Hereditary Chief Smogelgem tweeted Feb. 20 that even the promise to close the outpost was meaningless.
“(The RCMP’s) harassment of our people and supporters continues,” he wrote. “Now they’ll simply base their Mounties out of the local town of Houston. They are trying to instruct us to continue letting CGL do their work and ignore the eviction that we served them with. OUR EVICTION STANDS! ”
Trudeau’s camp had already reached the conclusion that attempts at dialogue were at an impasse but had decided to wait 36 hours more to see whether anything would change. It didn’t.
On Friday, Feb. 21, Trudeau donned a navy suit and stood at a lectern in the national press theatre, his face set, his tone stern.
“The situation as it currently stands is unacceptable and untenable,” he said.
“Everyone involved is worried. Canadians have been patient, our government has been patient. But it has been two weeks and the barricades need to come down now.”
Trudeau and his ministers, including Blair, had insisted they could not order the RCMP or other police to do anything. But sending a signal to police is not the same as directing them, one of the federal sources argues. Trudeau’s public statement told the police that the work behind the scenes wasn’t getting anywhere.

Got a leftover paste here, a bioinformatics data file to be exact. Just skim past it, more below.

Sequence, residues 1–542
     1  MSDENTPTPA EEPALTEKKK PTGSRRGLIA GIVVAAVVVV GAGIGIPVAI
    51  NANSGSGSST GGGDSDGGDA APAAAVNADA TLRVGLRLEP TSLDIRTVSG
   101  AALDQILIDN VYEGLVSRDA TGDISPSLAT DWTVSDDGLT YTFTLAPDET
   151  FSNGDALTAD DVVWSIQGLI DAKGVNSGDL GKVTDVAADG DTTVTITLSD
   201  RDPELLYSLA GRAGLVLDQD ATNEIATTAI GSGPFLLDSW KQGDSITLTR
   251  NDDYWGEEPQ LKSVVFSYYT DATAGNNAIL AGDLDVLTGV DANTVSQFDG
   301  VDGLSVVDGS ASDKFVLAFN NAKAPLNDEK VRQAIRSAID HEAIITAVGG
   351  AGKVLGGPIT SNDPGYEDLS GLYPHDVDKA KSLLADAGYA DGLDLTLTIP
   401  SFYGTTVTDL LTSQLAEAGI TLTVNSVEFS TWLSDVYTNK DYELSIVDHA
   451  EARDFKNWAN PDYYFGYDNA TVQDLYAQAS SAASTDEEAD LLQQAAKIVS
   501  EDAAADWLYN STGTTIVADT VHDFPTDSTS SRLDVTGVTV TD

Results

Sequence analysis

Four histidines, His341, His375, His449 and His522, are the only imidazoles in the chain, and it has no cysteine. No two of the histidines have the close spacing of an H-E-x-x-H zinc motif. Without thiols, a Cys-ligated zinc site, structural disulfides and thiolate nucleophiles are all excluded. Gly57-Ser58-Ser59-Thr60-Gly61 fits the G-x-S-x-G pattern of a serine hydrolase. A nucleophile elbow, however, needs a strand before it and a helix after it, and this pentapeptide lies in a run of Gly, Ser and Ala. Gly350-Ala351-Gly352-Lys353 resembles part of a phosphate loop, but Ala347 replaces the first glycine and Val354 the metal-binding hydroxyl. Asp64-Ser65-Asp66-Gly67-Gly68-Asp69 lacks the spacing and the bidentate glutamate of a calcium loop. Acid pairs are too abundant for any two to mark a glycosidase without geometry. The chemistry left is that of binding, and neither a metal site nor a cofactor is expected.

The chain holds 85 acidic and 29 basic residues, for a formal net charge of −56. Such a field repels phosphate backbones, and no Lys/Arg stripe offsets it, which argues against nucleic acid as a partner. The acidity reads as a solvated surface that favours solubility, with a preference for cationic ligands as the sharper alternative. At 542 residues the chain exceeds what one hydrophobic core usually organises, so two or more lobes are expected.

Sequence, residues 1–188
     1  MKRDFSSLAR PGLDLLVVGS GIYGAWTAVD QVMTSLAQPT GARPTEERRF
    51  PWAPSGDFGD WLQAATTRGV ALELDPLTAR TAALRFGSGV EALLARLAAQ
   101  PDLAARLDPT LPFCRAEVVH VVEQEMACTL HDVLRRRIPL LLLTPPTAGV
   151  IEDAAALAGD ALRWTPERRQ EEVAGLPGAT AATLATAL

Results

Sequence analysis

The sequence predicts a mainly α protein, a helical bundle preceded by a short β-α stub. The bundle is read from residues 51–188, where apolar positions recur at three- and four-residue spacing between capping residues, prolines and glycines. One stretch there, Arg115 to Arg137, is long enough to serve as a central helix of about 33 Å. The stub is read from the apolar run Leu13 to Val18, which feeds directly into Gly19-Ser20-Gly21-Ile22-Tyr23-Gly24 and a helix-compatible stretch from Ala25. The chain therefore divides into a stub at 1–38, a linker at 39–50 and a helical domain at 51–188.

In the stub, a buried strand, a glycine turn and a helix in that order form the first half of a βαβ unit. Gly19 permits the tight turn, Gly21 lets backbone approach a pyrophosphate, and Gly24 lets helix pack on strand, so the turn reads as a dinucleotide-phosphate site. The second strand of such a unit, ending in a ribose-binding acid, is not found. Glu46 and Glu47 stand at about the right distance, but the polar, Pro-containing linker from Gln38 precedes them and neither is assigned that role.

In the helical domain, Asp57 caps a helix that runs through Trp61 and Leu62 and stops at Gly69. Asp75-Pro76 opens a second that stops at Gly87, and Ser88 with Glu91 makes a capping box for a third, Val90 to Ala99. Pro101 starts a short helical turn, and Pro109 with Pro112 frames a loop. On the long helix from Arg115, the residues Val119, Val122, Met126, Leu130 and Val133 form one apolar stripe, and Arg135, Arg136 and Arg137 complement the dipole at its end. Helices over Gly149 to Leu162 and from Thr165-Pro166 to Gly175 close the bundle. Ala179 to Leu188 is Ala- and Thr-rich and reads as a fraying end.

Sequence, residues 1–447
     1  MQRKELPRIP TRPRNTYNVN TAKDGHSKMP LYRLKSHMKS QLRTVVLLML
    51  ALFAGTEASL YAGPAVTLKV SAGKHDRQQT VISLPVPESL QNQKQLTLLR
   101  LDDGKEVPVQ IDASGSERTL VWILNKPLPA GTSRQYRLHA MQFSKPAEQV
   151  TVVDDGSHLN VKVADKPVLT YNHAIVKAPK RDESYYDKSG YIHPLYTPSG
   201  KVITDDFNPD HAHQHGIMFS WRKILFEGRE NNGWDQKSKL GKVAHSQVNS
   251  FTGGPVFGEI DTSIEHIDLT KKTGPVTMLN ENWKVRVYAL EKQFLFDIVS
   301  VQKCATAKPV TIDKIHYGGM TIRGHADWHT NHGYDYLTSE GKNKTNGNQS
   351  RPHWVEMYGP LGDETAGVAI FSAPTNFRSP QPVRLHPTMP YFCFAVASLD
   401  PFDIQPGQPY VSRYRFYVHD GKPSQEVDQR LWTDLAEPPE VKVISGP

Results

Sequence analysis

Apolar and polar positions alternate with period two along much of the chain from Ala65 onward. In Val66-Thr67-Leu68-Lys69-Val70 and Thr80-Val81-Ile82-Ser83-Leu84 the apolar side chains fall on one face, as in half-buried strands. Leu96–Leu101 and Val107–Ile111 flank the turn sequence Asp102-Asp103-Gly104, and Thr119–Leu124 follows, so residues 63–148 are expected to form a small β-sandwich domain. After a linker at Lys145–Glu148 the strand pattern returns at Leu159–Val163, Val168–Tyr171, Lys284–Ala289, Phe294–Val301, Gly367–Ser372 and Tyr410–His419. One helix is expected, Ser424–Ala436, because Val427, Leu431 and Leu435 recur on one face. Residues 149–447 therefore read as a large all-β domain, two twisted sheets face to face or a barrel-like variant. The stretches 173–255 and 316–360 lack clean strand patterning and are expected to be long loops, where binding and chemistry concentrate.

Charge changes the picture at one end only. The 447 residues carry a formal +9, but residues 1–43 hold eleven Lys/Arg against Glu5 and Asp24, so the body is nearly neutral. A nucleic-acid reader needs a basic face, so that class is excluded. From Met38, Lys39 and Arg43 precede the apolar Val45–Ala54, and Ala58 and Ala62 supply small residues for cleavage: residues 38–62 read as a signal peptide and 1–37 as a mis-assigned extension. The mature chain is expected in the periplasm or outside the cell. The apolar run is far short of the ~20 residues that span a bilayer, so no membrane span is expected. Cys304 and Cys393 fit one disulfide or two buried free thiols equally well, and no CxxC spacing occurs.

Police in Quebec immediately became more confrontational toward protesters on a commuter-rail line in suburban Montreal; the protesters dismantled their blockade that night. Ontario Provincial Police took down the Tyendinaga blockade three days later, arresting several protesters but with minimal force.
Since then, the situation has quieted. B.C.’s Bennett and Fraser spent Friday and Saturday meeting with the hereditary Wet’suwet’en chiefs in British Columbia. There remains one rail blockade at Kahnawake, a Mohawk territory in Quebec.
Renewed calls have been made by the hereditary chiefs for Trudeau to meet with them himself. He said in the House of Commons this week that such a meeting would inappropriately favour one group among the Wet’suewet’en, who need to determine amongst themselves who will speak for them.
But he still might, one of the federal sources said, depending on the progress of the current talks.
Trudeau will not become directly involved unless a significant progress is made towards a resolution, the source said, adding that Trudeau is the negotiator of last resort and should only be brought in if there is a good prospect of success.